Snowbirds are flocking north earlier than usual to escape the coronavirus, while winter weekenders are hunkered down in their winter ski homes, several Maine contractors have observed.

Pete Kamm, owner of Pete’s Plumbing and Heating Inc. in Strong, said he was listening last week to a Boston talk radio show when the host observed everyone in that city was fleeing to their summer homes in Nantucket and Martha’s Vineyard.

“The plumbers were being driven crazy trying to open those houses early,” Kamm said.

Then his phone rang.

“All of a sudden it started happening to me, too,” he said Wednesday.

And not just him.

“I’ve heard from other plumbers in the area the same thing is going on all over,” he said.

Although the number of panicked callers has since subsided, Kamm said some of the summer homeowners were insistent that he get their plumbing working so they could bring their families and friends north “because they’re running from New York,” which has reported the highest number of coronavirus cases of any state in the country.

Kamm said he doesn’t normally prepare those homes until late May or June.

“Some of these houses aren’t really even designed for heating” he said. “They’re meant to be summer houses. So they’re kind of roughing it a little.”

In some cases, their driveways haven’t been plowed because they’re not usually in their houses until the snow has long melted.

John Maynard, owner of Maynard Plumbing in New Portland, said he can’t get into many winter homes now where he would normally be performing routine maintenance.

Those ski homeowners either returned to escape their more populated residential homes farther south or they never left after Sugarloaf closed down for the season March 15.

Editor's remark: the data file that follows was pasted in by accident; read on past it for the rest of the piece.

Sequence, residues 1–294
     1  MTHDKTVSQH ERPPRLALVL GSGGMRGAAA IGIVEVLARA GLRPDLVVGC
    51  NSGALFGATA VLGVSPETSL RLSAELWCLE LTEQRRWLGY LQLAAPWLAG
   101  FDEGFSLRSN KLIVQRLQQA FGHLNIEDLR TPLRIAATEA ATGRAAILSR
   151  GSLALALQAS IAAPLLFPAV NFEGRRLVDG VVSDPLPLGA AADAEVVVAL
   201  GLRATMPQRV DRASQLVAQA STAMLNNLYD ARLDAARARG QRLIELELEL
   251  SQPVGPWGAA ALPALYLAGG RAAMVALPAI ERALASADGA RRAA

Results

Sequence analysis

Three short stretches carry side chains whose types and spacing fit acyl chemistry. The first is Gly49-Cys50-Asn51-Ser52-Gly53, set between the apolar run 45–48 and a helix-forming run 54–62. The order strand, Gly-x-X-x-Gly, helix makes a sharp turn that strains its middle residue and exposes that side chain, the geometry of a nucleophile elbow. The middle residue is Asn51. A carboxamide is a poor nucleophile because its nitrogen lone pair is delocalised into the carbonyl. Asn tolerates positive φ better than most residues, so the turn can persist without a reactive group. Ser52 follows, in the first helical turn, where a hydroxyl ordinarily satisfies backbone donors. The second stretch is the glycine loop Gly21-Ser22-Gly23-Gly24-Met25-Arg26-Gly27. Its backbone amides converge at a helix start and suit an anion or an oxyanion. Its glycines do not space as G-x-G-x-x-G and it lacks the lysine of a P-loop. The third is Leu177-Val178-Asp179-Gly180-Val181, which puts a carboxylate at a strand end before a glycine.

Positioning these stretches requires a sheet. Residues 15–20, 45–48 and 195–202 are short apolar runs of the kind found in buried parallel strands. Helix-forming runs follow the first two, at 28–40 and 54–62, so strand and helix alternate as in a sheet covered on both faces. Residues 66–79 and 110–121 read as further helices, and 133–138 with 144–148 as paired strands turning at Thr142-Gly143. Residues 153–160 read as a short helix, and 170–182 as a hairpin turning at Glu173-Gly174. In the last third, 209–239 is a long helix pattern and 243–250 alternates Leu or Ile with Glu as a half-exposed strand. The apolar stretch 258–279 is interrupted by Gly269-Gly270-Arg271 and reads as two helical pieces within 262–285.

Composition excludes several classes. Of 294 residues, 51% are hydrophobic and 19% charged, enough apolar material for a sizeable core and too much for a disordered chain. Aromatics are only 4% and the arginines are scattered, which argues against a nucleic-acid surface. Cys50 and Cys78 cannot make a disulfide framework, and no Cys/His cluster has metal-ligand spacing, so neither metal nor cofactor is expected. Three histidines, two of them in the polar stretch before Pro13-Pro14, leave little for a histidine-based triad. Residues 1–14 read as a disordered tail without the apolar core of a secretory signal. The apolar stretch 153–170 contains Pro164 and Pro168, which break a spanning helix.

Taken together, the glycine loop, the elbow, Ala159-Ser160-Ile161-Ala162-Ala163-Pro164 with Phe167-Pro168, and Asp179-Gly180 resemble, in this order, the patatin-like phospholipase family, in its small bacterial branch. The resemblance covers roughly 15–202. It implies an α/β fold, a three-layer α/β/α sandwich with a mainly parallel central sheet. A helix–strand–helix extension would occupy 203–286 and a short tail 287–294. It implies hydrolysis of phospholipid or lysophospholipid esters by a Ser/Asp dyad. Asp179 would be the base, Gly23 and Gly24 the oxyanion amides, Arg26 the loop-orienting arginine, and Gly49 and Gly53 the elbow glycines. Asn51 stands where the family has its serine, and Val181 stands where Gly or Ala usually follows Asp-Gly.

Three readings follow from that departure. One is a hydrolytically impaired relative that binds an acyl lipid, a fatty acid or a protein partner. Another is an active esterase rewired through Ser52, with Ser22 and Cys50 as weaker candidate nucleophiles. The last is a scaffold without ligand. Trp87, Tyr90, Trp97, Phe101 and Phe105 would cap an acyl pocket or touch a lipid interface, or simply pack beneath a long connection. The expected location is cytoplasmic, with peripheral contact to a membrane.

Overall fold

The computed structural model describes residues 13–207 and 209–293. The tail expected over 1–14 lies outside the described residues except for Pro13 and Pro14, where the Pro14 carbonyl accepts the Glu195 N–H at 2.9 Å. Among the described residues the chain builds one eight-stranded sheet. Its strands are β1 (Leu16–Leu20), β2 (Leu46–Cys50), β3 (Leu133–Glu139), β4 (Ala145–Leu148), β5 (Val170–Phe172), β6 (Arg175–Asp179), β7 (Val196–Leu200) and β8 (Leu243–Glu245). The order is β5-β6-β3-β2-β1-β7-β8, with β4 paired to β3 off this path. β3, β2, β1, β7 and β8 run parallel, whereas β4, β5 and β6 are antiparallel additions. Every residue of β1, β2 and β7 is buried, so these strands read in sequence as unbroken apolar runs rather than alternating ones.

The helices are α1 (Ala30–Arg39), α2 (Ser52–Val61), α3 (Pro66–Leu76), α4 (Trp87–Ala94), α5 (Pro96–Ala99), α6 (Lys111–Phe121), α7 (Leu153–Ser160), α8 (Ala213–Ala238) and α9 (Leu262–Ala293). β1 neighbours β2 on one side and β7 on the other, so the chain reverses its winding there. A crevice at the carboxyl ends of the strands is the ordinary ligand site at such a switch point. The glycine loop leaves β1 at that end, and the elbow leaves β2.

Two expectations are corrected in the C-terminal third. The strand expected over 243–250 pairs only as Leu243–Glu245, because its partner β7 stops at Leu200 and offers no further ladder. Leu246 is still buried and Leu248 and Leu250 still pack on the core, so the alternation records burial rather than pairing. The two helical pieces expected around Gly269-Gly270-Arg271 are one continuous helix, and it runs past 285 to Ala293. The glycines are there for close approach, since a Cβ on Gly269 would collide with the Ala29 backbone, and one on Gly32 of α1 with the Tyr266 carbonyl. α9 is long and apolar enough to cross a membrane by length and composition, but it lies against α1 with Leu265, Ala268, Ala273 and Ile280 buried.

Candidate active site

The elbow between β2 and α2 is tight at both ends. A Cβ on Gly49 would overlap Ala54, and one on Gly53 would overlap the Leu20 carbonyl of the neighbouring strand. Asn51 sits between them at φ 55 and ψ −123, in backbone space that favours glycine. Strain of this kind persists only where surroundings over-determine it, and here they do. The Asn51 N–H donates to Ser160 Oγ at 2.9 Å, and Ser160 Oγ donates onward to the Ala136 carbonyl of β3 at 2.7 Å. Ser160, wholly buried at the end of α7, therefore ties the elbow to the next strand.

“If they’re occupied, I won’t go into them,” he said.

“The people who are staying there, they’ve escaped from their homes to get away from the coronavirus,” he said.

He’s gotten calls from some of them, usually about minor plumbing issues.

“So far, everybody’s been understanding,” he said.

“I’m not going into a unit for somebody that came here from New York City to expose myself to the coronavirus. That’s why they came here, to get away from it. I don’t know if they were exposed or not.”

If they came back last week, that’s not enough time to determine whether they’ve been infected, he said.

“You know they’ve got to be here at least three weeks, as far as I’m concerned, before they prove they don’t,” he said.

“We’re being careful,” he said, noting no coronavirus cases reported in Franklin and Somerset counties as of Tuesday.

“Those of us who are professionals are working with social distancing,” he said.

Bob Luce, owner of Valley Gas and Oil in Kingfield, has a similar policy.

“What would normally be an empty home is occupied so we’re not going into those,” he said.

“There are definitely more license plates from Massachusetts and New Hampshire in the driveways than there normally would be up here,” he said of the ski homes.

“The only reason we’re going into a home that is occupied is for emergency work, like the heat’s out,” he said, noting he adopted the new policy the day after Sugarloaf closed.

Otherwise, he said he and his crews aren’t performing their usual annual maintenance.

“If they do, it’s only after reaching to the homeowner “to make sure they have not been there in the past week and are not coming up for another week,” he said. “Just to make sure that we give all the bacteria an opportunity to die.”

At a news conference Tuesday, Gov. Janet Mills urged residents in other states to stay put and not come to Maine to escape the coronavirus because it’s already here.

One bright note, Kamm said, is that the winter people who have fled their year-round homes appear to be hunkered down in their seasonal homes.

“It’s actually quite dead up here” he said. “People aren’t moving around a whole lot so, if they are here, hopefully at least they’re staying home.”

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